A day of beer, guns, and no Kant

By Justin Palmer

“Food, Gas, and Beer” read a large sign next to the backcountry road. Flanking the road were two long lines of cars, parking lots being a rarity in this part of Kentucky. I had come to this desolate area to participate in the semi-annual Knob Creek Machine Gun Shoot. Alas, I was lost and didn’t know whether I was near the gun range. A loud explosion and a mushroom cloud rising from the nearby woods confirmed that I was.

For the last three years, I’d been trying to find a gun range in the vicinity of Chicago for a College Republicans outing. Unfortunately, Mayor Daley’s constant lawsuits have reduced the number of gun ranges in the greater Chicago area considerably. The remaining ranges have strict 21-plus policies, ruling out most of our membership.

About a year ago, my friend Jon had sent me the URL www.machinegunshoot.com. The website said that while federal law prohibits manufacturing machine guns, people still owning them from before the ban were allowed to sell and rent them out. Twice a year these enthusiasts gathered to play with their toys and have a good ol’ time at a place called Knob Creek. It promised to be a weekend of guns, beer, and pick-up trucks. And no Kant!

I convinced several College Republicans, as well as some other friends, to go with me. If worst came to worst, they could always identify my shredded remains. To be culturally sensitive, I also wore a shirt that I had previously acquired at a country music festival. It read “Shock N Y’all” on the front and “I Am An Angry American” on the back.

Upon arriving at the range, the first thing I saw was a long dirt ridge, called a backstop. Over a dozen machine guns were being enthusiastically operated by people I can only politely describe as “Sons of the South.” They were pouring hundreds of rounds into cars, refrigerators, and other pieces of junk piled in front of the backstop.

The only thing missing was Michael Moore with a video camera.

Being a World War II buff, my eyes instantly fell on an old German MG42 machine gun. After paying the vendor I got my finger on the trigger and lined up on a water cooler, helpfully spray-painted with the word “Osama” on its front. “Hasta la vista bin Laden,” I said in my best Austrian accent and unleashed holy hell on it. If only the War on Terrorism were this easy.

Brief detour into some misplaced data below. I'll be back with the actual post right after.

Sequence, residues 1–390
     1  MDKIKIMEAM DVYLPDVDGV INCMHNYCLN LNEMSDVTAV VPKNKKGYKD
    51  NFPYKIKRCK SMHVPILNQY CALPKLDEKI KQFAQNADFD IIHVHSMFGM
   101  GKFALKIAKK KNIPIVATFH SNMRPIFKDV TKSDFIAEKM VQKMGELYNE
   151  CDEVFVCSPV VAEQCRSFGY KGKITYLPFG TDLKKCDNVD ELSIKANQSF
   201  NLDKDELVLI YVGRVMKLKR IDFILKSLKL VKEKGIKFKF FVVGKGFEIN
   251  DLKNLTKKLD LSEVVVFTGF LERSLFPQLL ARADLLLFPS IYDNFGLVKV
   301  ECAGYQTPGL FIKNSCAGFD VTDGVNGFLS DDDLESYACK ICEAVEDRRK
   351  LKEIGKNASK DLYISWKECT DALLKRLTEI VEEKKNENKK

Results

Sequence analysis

Next to me a father was teaching his 10-year-old son how to fire an AK-47 assault rifle. “Get ready to duck,” my brother Christian muttered. Sure enough the kid immediately went fully automatic, with the muzzle of the gun flying all over the place. His embarrassed father suggested that maybe there was a little too much kickback in the weapon for the lad. Without missing a beat, he took the AK from his kid and handed him an UZI 9mm instead.

At was at this point that Christian—a philosophy major from Notre Dame—decided he wanted to fire an M2 flamethrower. A bit concerned for my sibling, I asked the renter if there were many accidents. He said no, but his girlfriend reminded him how yesterday a neophyte had accidentally sprayed his wife with napalm fuel. “Oh yeah,” he recalled. “Good thing it didn’t ignite. Every day that goes by without someone getting killed is a day we laugh.”

While my brother incinerated a small plot of land, I decided to investigate a booth labeled “Kill Charlie!” It featured a crudely drawn Asian stick figure wearing a rice-paddy hat. Intrigued, I forked over $20 and was soon walking through the woods with a submachine gun, closely followed by a Vietnam vet. It was pretty uneventful, except every once and a while he would stop and point at a random plant. “Oh my God!” he would shout. “It’s a Viet Cong suicide squad!” And I would duly dispatch the menacing foliage.

That was the end of my day, but my brother still had one memorable story to add:

“On our way out [we] stopped at the Patton Museum booth. We started talking to a guy who didn’t remind me of anyone as much as [John Goodman’s character] from The Big Lebowski. He confessed that the massive recoilless rifle they had out front wasn’t the biggest gun he could have brought…he was just now putting the finished touches on an even bigger recoilless rifle in the privacy of his garage.

“We then produced a 50 caliber round (a bullet with a slug the size of a Hostess Twinkie) for comparison. Then, smiling from ear to ear, he produced one of the slugs for his gun. The slug alone was almost as long as my forearm and weighed more than a full fish tank. Combined with the casing, it was easily as large as my leg.

“‘Wow’, I said, ‘What do you plan to use that for?’

“He looked at me with a perfectly straight face and said ‘squirrels.'”